New numbers confirm Alberta drivers facing higher auto insurance costs

Roughly 27 insurers operating in Alberta were granted rate hikes in recent months

New numbers confirm that many Alberta drivers are getting hit with rate hikes, and even some sharp spikes, in their auto insurance.

The Automobile Insurance Rate Board says that 27 insurers operating in Alberta were granted rate hikes in recent months, ranging from less than one per cent to almost 30 per cent for basic coverage on private passenger vehicles.

But the board, in its latest report, stressed that it now expects the changes to work not only for insurers, but also for drivers who were having trouble getting the coverage they needed under the old rate cap.

“Following nearly two years of rate restriction, some Albertans found it difficult to obtain the coverage they required or access to payment plans,” said the board in its fourth quarter report, issued Friday.

“These actions by insurers were directly related to their inability to receive approval for rates commensurate with the risk.

“The (board) expects insurers who received approval for a rate increase to cease practices that limit access to certain coverages for Albertans.”

The board said more than 92 per cent of the insurers offering coverage for private vehicles asked for rate changes.

The move comes after the insurance industry warned repeatedly that sharply rising payouts in recent years had put it in a financial squeeze, and those problems were worsened when a five per cent ceiling on rate hikes was imposed two years ago by the former NDP government.

Last fall, the new United Conservative government lifted that cap, saying it wasn’t working because some Albertans were not able to access certain non-mandatory coverages or payment plans.

Celyeste Power with the Insurance Bureau of Canada said the new hikes are about 10 per cent on average per insurers, but that average will vary widely depending on driver records and how many drivers each firm insures.

She said the increase is not a surprise.

“Insurers actually don’t want to increase rates. They would rather keep their customer happy, give them the best rate possible,” said Power.

“But we have seen increasing claims costs over the past few years that have become quite unsustainable, and that’s when you see premiums follow.”

She said she hopes longer term reform will come from a provincial panel currently reviewing the entire auto insurance system to determine ways to improve it for the industry and drivers.

The panel is to report back in the spring.

Alberta Finance spokeswoman Jerrica Goodwin, in a statement, stressed that the board makes its rate decisions independent of government.

“Today’s release shows many companies with combined rate hikes below five per cent,” said Goodwin.

“Given the numerous options available, we encourage Albertans to shop around for the best rate.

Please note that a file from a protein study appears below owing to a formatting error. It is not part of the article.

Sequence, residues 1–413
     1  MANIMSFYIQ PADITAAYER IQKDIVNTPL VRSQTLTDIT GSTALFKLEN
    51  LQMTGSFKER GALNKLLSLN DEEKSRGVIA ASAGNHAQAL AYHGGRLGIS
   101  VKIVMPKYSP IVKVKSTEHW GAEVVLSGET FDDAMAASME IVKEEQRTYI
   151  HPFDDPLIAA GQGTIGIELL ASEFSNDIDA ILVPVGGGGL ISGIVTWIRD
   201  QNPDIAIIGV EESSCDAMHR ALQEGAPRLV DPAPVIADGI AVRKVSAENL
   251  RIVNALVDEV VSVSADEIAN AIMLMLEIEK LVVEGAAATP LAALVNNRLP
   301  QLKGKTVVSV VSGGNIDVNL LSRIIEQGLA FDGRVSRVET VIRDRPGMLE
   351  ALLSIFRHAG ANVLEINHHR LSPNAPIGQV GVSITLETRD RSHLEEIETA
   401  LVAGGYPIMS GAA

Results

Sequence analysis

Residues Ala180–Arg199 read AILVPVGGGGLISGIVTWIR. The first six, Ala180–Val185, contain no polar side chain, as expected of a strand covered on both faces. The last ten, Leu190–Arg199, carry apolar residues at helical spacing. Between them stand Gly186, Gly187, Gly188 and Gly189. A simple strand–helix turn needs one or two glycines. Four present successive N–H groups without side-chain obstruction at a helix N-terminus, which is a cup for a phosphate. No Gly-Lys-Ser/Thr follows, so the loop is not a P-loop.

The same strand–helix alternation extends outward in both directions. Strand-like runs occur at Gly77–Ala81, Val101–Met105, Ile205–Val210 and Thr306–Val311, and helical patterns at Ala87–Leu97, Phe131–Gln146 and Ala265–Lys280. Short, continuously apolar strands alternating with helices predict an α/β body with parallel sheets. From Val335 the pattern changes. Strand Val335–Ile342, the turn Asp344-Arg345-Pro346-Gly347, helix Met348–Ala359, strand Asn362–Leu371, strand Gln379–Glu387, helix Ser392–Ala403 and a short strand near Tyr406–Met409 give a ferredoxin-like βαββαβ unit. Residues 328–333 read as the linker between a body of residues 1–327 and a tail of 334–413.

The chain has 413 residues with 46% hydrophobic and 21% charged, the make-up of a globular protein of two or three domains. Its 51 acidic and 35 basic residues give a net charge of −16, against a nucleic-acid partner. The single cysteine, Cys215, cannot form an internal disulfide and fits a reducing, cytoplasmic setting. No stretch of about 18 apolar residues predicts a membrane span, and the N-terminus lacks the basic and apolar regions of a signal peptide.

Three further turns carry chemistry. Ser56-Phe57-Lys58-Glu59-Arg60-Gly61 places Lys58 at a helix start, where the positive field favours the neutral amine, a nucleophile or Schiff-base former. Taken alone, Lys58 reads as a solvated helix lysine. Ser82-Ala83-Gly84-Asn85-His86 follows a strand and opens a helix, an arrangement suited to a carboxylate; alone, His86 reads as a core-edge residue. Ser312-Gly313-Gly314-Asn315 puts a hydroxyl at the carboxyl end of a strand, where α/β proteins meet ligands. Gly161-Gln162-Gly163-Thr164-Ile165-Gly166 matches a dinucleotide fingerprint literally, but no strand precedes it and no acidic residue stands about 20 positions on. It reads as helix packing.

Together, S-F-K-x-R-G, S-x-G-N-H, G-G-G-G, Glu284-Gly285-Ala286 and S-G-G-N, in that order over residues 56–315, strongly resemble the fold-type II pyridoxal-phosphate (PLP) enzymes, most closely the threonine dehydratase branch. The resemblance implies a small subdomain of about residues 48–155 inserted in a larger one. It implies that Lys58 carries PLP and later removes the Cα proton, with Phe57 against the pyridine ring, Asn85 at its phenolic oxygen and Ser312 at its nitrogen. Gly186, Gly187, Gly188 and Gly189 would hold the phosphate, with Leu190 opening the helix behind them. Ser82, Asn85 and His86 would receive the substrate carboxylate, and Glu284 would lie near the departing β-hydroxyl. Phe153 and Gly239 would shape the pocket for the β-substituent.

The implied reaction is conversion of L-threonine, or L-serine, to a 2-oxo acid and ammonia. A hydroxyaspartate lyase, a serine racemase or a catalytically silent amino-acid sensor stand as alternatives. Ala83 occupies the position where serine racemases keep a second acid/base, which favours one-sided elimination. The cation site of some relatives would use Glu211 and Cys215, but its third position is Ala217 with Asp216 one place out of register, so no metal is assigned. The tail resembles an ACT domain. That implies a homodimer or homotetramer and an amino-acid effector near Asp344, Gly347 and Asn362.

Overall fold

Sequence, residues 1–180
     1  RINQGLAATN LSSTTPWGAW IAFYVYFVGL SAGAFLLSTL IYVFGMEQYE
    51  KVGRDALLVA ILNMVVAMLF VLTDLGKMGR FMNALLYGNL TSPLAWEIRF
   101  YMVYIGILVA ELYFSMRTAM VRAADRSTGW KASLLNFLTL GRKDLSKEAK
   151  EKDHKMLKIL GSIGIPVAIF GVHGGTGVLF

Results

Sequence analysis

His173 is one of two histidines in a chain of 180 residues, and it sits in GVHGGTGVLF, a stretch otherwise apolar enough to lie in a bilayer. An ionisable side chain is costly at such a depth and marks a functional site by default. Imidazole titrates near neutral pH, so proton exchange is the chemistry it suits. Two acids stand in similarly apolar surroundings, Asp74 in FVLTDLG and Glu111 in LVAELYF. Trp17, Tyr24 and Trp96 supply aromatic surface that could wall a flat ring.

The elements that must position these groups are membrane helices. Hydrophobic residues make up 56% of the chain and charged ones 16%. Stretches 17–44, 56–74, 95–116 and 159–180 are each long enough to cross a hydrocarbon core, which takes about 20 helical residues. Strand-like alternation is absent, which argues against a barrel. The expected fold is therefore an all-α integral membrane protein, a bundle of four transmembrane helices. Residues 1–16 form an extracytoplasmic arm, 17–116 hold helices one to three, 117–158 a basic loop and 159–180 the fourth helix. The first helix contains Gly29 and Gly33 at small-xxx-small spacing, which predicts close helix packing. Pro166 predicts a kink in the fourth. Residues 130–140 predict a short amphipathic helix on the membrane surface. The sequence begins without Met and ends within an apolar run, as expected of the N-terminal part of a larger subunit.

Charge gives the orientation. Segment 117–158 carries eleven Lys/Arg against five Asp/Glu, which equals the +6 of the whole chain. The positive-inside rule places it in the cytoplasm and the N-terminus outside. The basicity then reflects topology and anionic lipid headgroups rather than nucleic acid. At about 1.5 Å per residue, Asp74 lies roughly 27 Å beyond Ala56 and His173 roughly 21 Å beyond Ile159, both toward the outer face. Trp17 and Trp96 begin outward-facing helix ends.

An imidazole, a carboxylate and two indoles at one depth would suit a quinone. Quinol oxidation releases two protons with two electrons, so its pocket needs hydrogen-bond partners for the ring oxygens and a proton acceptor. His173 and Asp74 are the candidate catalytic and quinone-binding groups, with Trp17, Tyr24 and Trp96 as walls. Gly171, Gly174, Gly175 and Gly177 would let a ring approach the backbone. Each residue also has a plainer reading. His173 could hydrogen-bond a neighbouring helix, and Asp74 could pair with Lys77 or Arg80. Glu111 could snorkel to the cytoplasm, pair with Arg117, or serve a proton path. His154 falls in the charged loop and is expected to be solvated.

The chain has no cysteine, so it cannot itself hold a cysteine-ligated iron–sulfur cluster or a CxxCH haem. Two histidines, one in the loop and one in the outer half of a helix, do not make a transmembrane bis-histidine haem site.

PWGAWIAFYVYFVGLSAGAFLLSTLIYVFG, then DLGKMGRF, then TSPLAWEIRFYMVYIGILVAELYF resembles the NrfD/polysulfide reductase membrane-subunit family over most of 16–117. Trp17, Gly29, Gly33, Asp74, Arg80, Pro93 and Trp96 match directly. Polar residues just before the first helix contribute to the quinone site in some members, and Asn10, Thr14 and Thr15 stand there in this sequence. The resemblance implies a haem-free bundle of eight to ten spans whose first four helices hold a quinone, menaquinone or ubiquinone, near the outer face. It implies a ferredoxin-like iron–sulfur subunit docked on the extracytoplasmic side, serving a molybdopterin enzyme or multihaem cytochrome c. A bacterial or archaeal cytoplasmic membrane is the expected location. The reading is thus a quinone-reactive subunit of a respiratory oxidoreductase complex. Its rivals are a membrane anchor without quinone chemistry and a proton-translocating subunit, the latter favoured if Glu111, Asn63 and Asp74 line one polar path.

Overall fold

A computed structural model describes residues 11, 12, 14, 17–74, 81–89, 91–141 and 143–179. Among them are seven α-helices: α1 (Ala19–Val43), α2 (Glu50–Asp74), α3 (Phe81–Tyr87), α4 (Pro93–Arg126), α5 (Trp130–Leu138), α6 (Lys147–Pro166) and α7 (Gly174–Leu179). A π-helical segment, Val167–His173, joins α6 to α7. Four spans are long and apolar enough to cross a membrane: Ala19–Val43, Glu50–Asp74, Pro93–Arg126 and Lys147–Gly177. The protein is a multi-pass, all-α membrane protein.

“We will be taking action in the coming months to address long-term affordability in a sustainable manner.”

Jon Carson, the Opposition NDP critic on auto insurance, said the five per cent cap was reasonable, noting some firms in the latest report managed to keep their hikes to five per cent or less.

He urged the government to bring the cap back, adding that the UCP removed it last August with no consultation.

“Albertans are paying hundreds of dollars more in auto insurance alone and that’s very concerning,” said Carson.

Dean Bennett, The Canadian Press

Like us on Facebook and follow us on Twitter.

Get local stories you won't find anywhere else right to your inbox.
Sign up here

Just Posted

Mentors needed

Big Brothers Big Sisters reach out to community

Rimbey’s New Year’s Baby

New baby for Angus and Kristine McColm

Rimbey mayor looks at year ahead

Budget deliberations in March

Revenue Canada, RCMP don’t accept Bitcoin: police

RCMP issue Bitcoin warning posters

VIDEO: Trudeau insists Iran respect families’ wishes when it comes to burials

All 176 people on board the Ukraine International Airlines flight PS752 were killed

New nasal spray launched in Canada to combat hypoglycemic shock in diabetics

Baqsimi is a nasal spray contains three milligrams of glucagon

Canadian public health agencies ramping up preparations in response to new virus

Health officials have said there are no confirmed cases of the emerging coronavirus in Canada

‘Naughty boy’: Monty Python star Terry Jones dies at 77

The comedian has been suffering from a rare form of dementia

Alberta premier wants federal government to do more about opioid imports

Jason Kenney says Canada should find ways to cut down on drugs being smuggled into the country

Alberta Energy Regulator laying off staff, restructures, deals with budget cuts

Gordon Lambert, interim CEO, says the changes are part of a restructuring

Energy companies owe more than double the tax to Alberta municipalities

Survey says communities are owed $173 million — up 114% since last spring

No gondola from Banff to Mount Norquay, feds say

Parks Canada dismisses proposal for gondola, Grizzly Pavilion and boardwalks

Most Read